It is a lovely day in May 1956 when we crest the hill and draw the wide winged Mercury to a stop in front of the big white farm house. Months have gone into the preparation for this move. All the wallpaper inside the 13 rambling rooms have been cleaned with a sponge like material; the one little wood stove in the kitchen has been polished and cleaned. I am seventeen years old and a bride of seven months.
My eyes take in the wide open fields with the stone walls separating them like little square boxes. Chipmunks are scurrying on them, looking alarmed at the thought of visitors after months of solitude. We’ve bought the house because it was a good buy; and the fact that over the years it was owned by my husband’s family.
What a glorious feeling to no longer share three rooms with five other people! This space was all mine and I looked down in the valley to Indian Pond where I had spent many a summer in my childhood.
It had been a long seven months living with my husband’s parents. His mother, though she hid it well, was shell shocked to think he had married a seventeen year old tomboy from Greenwood Center. I had graduated high school and did what most “girls” did in the Fifties: get a job and/or marry and have a family. I got the job sorting rosewood at Ekco Products at .75 an hour. I had earned two scholarships during my school years and passed a Federal Civil Service test in Rumford to become a secretary. I passed with flying colors but was too young to be hired for the job. (Incidentally, on my 18th birthday, a letter came to my parents’ home in my maiden name from the Dept of the Navy wanting me to work in the Pentagon) Ah , the road not taken, but I was reveling in my own little country estate at the time and not a thought was given that I had missed a grand opportunity.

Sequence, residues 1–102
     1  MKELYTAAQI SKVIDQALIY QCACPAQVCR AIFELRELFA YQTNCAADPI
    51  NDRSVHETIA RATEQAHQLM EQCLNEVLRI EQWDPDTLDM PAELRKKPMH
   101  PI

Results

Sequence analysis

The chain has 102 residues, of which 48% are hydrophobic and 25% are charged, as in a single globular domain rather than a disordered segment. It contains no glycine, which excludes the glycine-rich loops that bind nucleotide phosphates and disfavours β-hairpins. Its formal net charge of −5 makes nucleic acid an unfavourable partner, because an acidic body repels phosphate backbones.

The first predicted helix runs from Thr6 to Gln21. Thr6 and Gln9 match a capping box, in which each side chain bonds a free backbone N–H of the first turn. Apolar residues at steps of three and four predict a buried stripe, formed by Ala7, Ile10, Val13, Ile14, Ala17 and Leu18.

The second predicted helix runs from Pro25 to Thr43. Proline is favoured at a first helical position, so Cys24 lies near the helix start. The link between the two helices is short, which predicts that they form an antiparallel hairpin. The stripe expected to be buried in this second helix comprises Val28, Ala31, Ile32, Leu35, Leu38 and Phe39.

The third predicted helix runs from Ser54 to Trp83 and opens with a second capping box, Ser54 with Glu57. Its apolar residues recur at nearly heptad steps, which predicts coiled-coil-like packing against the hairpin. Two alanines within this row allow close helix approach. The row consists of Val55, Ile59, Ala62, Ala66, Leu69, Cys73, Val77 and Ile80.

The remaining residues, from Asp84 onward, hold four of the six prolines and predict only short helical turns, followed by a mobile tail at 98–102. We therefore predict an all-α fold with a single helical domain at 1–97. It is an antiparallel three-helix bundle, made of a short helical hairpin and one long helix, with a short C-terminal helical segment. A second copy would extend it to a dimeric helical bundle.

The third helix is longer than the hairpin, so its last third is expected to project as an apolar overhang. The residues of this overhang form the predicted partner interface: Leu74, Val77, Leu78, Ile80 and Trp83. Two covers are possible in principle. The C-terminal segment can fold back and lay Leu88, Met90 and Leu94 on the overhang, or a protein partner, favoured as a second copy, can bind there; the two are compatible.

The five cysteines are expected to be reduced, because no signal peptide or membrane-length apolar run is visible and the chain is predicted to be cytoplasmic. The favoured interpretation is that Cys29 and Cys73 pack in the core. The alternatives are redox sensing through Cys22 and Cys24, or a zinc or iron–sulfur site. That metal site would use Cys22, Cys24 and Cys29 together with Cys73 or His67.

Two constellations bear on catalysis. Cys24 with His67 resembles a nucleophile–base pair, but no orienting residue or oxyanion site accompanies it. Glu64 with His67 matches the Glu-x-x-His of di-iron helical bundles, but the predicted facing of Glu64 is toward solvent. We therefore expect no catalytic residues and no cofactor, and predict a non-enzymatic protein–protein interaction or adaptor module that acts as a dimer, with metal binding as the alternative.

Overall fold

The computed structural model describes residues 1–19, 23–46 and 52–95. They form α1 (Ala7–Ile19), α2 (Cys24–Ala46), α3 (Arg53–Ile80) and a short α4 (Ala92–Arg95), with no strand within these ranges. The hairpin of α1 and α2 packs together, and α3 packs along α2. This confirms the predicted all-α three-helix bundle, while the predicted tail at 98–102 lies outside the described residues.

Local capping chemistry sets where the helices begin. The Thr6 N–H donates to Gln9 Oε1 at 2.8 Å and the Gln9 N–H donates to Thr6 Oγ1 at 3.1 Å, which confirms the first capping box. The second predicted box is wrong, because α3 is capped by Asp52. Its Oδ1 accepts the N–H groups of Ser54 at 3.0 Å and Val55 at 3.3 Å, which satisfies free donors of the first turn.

Mother-in-law was a treasure throughout the winter. As soon as I got home from work, we had our little sessions where she was determined to make a young lady out of me. I didn’t have the heart to tell her my mother had seventeen years and failed, but this woman was insistent. I sat there by the hour as she instructed me on crocheting edgings around hankies; later an embroidery piece with a deer head on each end became my Dad’s Christmas present. She taught me how to cook a decent meal and if she was disappointed in her son’s choice, one would never have known.
But I digress. I mentioned the little cook stove in the kitchen. In the cellar resided a huge wood/coal furnace which would come in handy during a Maine winter. ( or so I thought…) In the corner was a piano which the former owners left behind and that, in my mind, was about as important as any piece of furniture we could buy.
Out in back was a little red shed like structure, which I believe was a hen house and on that May morning I had already made up my mind that there would never be a hen or rooster or any winged creature wandering around MY wonderful estate. It was big enough to hold a couple cows had I really measured it correctly.
Up on the side hill was a beautiful plum tree and apple trees scattered here and there. Visions of jams and jellies formed in my mind and I could see myself standing in front of my cupboard delighting in the gleaming reds of all my accomplishments.
Gardens! We would have gardens and by the dawn’s early light, I would be out hoeing and weeding while the dew was still on the ground. Later in the year, I would be canning and freezing all that green beautiful produce fresh from Mother Earth.
Remember, I was seventeen and not quite right in the mind. I forgot I still had a day job at .75 cents an hour and would not be standing in the kitchen with a frilly apron on all day. Instead I would be wearing gloves and handling little pieces of rosewood, straight from Brazil that my Dad would be sawing and sending over the wall that separated us at the mill.
But this is May, 1956 and looking around at the old lilac bush, now blossomed and the apple blossoms ready to appear, nothing seemed impossible.
If one cannot dream, then what good is life?